The High Altitude Water Cherenkov (HAWC) collaboration recently published their 2HWC catalog, listing 39 very high energy (VHE; >100 GeV) gamma-ray sources based on 507 days of observation. Among these, 19 sources are not associated with previously known teraelectronvolt (TeV) gamma-ray sources. We have studied 14 of these sources without known counterparts with VERITAS and Fermi-LAT. VERITAS detected weak gamma-ray emission in the 1 TeV-30 TeV band in the region of DA 495, a pulsar wind nebula coinciding with 2HWC J1953+294, confirming the discovery of the source by HAWC. We did not find any counterpart for the selected 14 new HAWC sources from our analysis of Fermi-LAT data for energies higher than 10 GeV. During the search, we detected gigaelectronvolt (GeV) gamma-ray emission coincident with a known TeV pulsar wind nebula, SNR G54.1+0.3 (VER J1930+188), and a 2HWC source, 2HWC J1930+188. The fluxes for isolated, steady sources in the 2HWC catalog are generally in good agreement with those measured by imaging atmospheric Cherenkov telescopes. However, the VERITAS fluxes for SNR G54.1+0.3, DA 495, and TeV J2032+4130 are lower than those measured by HAWC, and several new HAWC sources are not detected by VERITAS. This is likely due to a change in spectral shape, source extension, or the influence of diffuse emission in the source region.
Bibliographical noteFunding Information:
109 Funded by contract FIRB-2012-RBFR12PM1F from the Italian Ministry of Education, University and Research (MIUR).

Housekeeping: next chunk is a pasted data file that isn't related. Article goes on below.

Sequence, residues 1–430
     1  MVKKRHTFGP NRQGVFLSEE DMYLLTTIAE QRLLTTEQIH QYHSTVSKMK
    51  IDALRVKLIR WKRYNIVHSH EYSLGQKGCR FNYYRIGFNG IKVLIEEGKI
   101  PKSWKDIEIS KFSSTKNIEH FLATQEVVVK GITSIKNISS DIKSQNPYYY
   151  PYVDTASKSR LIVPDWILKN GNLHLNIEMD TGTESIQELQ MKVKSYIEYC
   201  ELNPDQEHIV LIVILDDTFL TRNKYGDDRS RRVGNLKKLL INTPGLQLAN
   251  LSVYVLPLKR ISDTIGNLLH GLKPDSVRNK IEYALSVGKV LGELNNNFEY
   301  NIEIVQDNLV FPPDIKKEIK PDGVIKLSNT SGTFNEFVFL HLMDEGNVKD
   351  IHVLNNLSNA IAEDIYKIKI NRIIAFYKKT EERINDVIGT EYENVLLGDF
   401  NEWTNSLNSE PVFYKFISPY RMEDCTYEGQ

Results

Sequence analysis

The VERITAS Collaboration is supported by grants from the U.S. Department of Energy Office of Science, the U.S.
National Science Foundation, and the Smithsonian Institution, and by NSERC in Canada. We acknowledge the excellent work of the technical support staff at the Fred Lawrence Whipple Observatory and at the collaborating institutions in the construction and operation of the instrument.
The Fermi-LAT Collaboration acknowledges generous ongoing support from a number of agencies and institutes that have supported both the development and operation of the LAT as well as scientific data analysis. These include the National Aeronautics and Space Administration and the Department of Energy in the United States, the Commissariat à l’Energie Atomique and the Centre National de la Recherche Scientifi-que/Institut National de Physique Nucléaire et de Physique des Particules in France, the Agenzia Spaziale Italiana and the Istituto Nazionale di Fisica Nucleare in Italy, the Ministry of Education, Culture, Sports, Science and Technology (MEXT), High Energy Accelerator Research Organization (KEK), and Japan Aerospace Exploration Agency (JAXA) in Japan, and the K.A. Wallenberg Foundation, the Swedish Research Council, and the Swedish National Space Board in Sweden. This work was performed in part under DOE contract DE-AC02-76SF00515.
The HAWC Collaboration acknowledges support from the US National Science Foundation (NSF); the US Department of Energy Office of High-Energy Physics; the Laboratory Directed Research and Development (LDRD) program of Los Alamos National Laboratory; Consejo Nacional de Ciencia y Tecnología (CONACyT), México (grants 271051, 232656, 260378, 179588, 239762, 254964, 271737, 258865, 243290, 132197); Labor-atorio Nacional HAWC de Rayos Gamma; L’Oreal Fellowship for Women in Science 2014; Red HAWC, México; DGAPA-UNAM (grants IG100317, IN111315, IN111716-3, IA102715, 109916, IA102917); VIEP-BUAP; PIFI 2012, 2013, PROFO-CIE 2014, 2015; the University of Wisconsin Alumni Research Foundation; the Institute of Geophysics, Planetary Physics, and Signatures at Los Alamos National Laboratory; Polish Science Centre grant DEC-2014/13/B/ST9/945; and Coordinación de la Investigación Científica de la Universidad Michoacana. Thanks to Luciano Díaz and Eduardo Murrieta for technical support.
- gamma rays: general